To me common or great mullein (pronounced more simply just "mullen") is much more than that. In late summer and early autumn it adds its distinct beauty to the more widespread goldenrods and asters. It is that solitary plant that stands slender and tall -- four to six feet -- usually in barren fields or along roadsides. Now it is nearly finished blooming, but it never sported more than a few delicate yellow flowers among the dozens of buds that circle its sentinel spike. Soon the plant will die but the stalk will remain, brown but ever erect, through late fall and winter as it slowly gives up its tens of thousands of tiny seeds. Although some of those seeds will sprout next year, others will lie dormant for up to a century waiting for the open unshaded conditions necessary to their growth. That is why they appear, seemingly from nowhere, to grace -- or intrude upon -- newly cleared areas.
Mullein is a biennial or occasionally a triennial. The first year or two it grows only as a low rosette of spreading, soft green and velvety leaves. In its final year it expends the energy it stored in its youth to send up its tall spike. Most often single stemmed, a few large plants will support two to four vertical racemes. Upper leaves hug the stem, thus leading water down toward the thirsty roots.
There are over forty folk names for this plant. Many come from its characteristics -- velvet-leaf, beggar's flannel and hare's beard from its leaves, shepherd's club and Jacob's staff from its stalk. A more interesting name is Quaker's rouge. Young women can redden their cheeks without the use of makeup, forbidden to Quakers, by brushing them with mullein leaves. This is not a recommended practice as the skin is reacting to tiny barbed leaf hairs, the same hairs that deter cattle. That is why you often see mulleins standing in otherwise closely cropped fields. The leaves also served in colonial times as inner-soles to warm feet and as rubs for rheumatic joints, those hairs providing the soothing friction. The hairs were also scraped off and dried to serve as tinder for fire starting. Dead stems were dipped in wax and lighted as tapers and mullein flowers were used to make a blonde hair dye.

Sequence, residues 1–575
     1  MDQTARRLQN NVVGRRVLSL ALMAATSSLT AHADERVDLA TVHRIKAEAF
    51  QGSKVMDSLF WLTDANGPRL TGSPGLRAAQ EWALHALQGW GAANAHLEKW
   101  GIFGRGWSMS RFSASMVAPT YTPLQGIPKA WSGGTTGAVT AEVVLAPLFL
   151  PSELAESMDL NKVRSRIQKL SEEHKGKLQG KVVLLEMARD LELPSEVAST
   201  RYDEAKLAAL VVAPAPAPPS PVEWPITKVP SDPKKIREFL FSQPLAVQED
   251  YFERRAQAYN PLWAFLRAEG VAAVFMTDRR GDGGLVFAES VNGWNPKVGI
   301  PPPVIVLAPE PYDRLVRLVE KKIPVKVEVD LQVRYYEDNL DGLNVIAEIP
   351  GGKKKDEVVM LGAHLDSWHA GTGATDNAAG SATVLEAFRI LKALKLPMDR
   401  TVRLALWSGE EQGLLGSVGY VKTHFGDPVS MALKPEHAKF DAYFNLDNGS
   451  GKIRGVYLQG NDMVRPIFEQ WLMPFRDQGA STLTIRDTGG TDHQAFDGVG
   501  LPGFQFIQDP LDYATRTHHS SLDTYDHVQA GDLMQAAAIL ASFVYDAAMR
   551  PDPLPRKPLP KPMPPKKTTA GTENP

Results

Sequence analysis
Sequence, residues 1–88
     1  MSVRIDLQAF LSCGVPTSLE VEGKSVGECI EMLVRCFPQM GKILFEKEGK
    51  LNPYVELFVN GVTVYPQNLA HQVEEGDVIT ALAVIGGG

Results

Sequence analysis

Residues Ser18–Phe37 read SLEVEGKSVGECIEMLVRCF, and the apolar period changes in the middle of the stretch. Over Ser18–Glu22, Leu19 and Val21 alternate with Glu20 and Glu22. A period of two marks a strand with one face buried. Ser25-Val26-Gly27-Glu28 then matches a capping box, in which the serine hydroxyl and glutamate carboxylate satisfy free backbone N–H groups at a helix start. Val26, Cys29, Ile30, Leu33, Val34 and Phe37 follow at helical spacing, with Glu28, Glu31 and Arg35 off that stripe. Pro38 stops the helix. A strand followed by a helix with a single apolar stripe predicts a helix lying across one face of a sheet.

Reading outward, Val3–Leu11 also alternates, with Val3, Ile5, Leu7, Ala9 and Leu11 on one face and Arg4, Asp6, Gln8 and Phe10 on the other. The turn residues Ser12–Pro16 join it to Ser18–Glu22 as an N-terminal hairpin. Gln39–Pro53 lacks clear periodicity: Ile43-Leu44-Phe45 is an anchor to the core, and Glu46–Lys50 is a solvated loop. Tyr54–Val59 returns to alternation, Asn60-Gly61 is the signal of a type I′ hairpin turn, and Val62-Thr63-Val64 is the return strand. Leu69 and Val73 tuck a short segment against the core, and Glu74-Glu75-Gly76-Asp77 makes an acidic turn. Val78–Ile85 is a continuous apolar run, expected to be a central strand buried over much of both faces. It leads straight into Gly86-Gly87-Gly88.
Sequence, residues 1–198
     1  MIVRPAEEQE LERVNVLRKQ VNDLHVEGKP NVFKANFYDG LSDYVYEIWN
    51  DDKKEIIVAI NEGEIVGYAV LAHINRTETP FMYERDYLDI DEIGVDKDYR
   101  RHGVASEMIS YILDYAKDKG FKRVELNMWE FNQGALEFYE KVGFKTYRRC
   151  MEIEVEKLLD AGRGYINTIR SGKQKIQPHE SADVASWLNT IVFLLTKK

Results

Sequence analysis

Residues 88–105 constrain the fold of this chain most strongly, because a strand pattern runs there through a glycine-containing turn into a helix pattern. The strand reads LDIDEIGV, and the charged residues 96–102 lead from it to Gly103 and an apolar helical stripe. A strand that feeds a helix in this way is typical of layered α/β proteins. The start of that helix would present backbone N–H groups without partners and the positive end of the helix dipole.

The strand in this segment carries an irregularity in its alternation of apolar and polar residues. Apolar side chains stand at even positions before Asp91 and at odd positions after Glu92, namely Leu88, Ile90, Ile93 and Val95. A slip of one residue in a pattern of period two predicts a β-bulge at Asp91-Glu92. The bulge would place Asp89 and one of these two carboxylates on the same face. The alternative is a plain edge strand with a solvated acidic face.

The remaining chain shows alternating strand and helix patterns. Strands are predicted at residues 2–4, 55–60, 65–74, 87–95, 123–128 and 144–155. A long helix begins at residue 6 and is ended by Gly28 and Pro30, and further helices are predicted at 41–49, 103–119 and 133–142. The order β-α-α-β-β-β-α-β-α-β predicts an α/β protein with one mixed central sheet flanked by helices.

The mullein pharmacopeia is extraordinary. Euell Gibbons recommended a cough syrup concocted from mullein, red clover, white pine and the inner bark of wild cherry trees; earlier Native Americans smoked the dried leaves for the same purpose. The litany of other ailments once treated includes burns, colic, diarrhea, earaches, gout, headaches, mumps, piles, ringworm, toothache and warts.
Mullein tea -- a teaspoon of dried and powdered leaves in a cup of boiling water -- continues to serve as a cough and cold remedy or as a generic tonic. If you consider preparing this tea, however, you should recall those irritating hairs. The tea should be strained through fine gauze.
Any country walk is enhanced by an encounter with this remarkable "weed".
Sanders, Jack. Hedgemaids and Fairy Candles: The Lives and
Lore of North American Wildflowers. Camden, Maine: Ragged Mountain
Spencer, Edwin Rollin. All About Weeds. New York: Dover Publications, Inc., 1974. (First published as Just Weeds in 1957 by Charles Scribner's Sons).
Stokes, Donald and Lillian. A Guide to Enjoying Wildflowers. Boston, Massachusetts: Little Brown and Company, 1984.